Wattpad Creator J.K. MacLaren (@jkmaclaren) has been writing on Wattpad since 2019. Her most popular books on the platform include Backstage Girl, Blur the Line, and the Thread of Gold series. The views and opinions expressed in this article are those of the author and do not necessarily reflect the views and opinions of Wattpad corp. or affiliated companies.
Learning how to write a series can be tricky. Whether you’re penning an epic seven-book fantasy series or a crime fiction trilogy about a grumpy detective, here are nine tips and tricks that I’ve found helpful.
1. Decide what type of series you’re writing
There are three main types of series. You can choose to write…
This is the most common type of series; it follows a protagonist’s journey over several continuous books. If you’ve ever read a YA trilogy, then you know what I’m talking about. Think "Hunger Games," "Harry Potter," or even "Fifty Shades of Grey."
This is a series of books that share a group of protagonists, although each book will likely focus on a different character. Think "Bridgerton" — or my Toronto Girls series, which follows the love lives of four best friends (#shamelessplug).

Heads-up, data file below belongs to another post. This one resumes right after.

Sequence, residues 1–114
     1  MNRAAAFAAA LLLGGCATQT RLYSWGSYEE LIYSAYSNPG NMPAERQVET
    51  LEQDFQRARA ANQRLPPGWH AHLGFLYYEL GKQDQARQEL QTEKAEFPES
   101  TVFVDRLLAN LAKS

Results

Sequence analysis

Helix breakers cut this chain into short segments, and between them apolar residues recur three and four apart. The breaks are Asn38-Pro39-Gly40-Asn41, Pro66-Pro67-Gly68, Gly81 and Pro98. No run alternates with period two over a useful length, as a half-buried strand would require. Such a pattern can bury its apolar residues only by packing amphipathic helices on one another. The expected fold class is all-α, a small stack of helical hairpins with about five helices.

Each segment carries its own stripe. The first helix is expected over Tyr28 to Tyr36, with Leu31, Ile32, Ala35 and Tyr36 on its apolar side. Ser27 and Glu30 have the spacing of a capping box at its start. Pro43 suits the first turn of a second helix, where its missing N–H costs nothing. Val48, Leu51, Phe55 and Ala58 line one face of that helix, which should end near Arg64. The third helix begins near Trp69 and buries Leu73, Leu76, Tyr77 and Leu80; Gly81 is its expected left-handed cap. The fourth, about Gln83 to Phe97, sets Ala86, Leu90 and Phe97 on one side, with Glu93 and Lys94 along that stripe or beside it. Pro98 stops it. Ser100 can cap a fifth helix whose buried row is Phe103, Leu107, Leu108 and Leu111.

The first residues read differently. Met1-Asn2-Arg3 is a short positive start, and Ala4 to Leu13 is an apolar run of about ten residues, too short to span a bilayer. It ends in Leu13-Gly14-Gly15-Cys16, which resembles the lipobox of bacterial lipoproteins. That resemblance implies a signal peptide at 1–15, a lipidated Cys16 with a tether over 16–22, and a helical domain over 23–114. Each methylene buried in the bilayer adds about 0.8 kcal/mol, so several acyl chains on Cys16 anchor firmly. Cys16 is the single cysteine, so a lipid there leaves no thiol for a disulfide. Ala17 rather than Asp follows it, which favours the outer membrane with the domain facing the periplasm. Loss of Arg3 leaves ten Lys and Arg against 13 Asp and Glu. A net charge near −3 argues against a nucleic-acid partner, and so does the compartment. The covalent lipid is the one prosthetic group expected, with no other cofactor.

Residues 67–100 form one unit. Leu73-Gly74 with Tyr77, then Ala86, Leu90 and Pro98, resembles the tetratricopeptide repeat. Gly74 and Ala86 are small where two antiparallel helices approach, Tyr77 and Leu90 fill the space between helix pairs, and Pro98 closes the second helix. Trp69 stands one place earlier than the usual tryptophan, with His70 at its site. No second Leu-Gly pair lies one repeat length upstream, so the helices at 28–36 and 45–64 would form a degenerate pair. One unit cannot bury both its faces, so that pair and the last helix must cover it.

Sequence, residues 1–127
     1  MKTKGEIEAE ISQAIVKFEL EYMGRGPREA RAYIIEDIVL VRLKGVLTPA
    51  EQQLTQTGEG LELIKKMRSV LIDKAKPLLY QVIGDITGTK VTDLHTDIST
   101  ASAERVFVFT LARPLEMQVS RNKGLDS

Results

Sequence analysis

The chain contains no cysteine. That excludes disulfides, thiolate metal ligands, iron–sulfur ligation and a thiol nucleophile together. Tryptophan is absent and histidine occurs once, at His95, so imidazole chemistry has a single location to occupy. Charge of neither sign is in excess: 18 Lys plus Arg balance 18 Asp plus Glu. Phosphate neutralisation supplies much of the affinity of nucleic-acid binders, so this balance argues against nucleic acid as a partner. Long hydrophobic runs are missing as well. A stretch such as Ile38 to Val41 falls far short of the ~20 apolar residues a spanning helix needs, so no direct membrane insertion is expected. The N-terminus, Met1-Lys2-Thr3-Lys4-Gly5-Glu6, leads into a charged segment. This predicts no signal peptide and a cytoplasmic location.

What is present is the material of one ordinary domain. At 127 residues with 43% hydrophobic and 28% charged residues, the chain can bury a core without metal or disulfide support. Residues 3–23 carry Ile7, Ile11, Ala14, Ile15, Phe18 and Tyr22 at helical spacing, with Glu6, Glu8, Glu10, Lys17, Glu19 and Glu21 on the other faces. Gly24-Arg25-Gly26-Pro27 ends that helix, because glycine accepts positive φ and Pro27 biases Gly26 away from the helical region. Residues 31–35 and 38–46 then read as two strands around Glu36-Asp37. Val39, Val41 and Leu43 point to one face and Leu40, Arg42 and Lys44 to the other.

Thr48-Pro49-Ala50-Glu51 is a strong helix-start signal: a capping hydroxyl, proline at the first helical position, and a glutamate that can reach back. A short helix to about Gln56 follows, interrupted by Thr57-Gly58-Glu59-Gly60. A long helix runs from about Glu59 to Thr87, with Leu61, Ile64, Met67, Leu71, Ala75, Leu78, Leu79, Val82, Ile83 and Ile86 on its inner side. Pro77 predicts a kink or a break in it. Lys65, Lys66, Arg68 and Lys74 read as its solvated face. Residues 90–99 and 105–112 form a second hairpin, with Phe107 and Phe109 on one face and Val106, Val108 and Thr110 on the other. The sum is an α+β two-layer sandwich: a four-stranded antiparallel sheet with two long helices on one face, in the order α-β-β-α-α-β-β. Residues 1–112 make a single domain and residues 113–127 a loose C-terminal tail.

This format generally focuses on a single protagonist, although the books can be read in any order. Think "Sherlock Holmes" or most crime fiction series.
2. Build a roadmap
Whether you’re a plotter or a pantser, having a general idea of where you’re going with the series is a good idea. It’s a good idea to ask yourself:
- How will this series end?
- What are the main plotlines and events?
- How many chapters and/or books will it take to get there?
You might want to write three books. You might want to write ten. Regardless, each book should have an overarching plot, just as the whole series should have an overarching plot. Think of it like Game of Thrones: each chapter is an episode, each book is a season, and all those seasons combine to make an epic TV show series.
"But Jo," you say, "what if I hate planning my books? What if I just want to write and explore?!" Friends, that’s totally okay. Part of the joy of writing is discovery. Just make sure that you’re not going to pull a Lost and leave the audience with loads of unanswered questions at the end (like, what was with Walt’s special abilities? Where did the Monster come from? WHAT DID THOSE NUMBERS EVEN MEAN?).
3. Create your series bible
Do I break into hives every time that I see a spreadsheet? Yes. But I love, love, LOVE creating a series bible. A series bible is a document where you put anything and everything that you know about your world. Which kingdom is the coldest? What’s your protagonist’s favourite food? What does she smell like? (Yes, I genuinely write that down — it’s lavender and cinnamon, tyvm).
I like to keep a bible whenever I write a series. That way, when I hit Book 3 and I’m wondering what on earth Henry’s brother’s girlfriend’s café is called, I have an easy way to remember. Seriously. Can’t recommend this enough.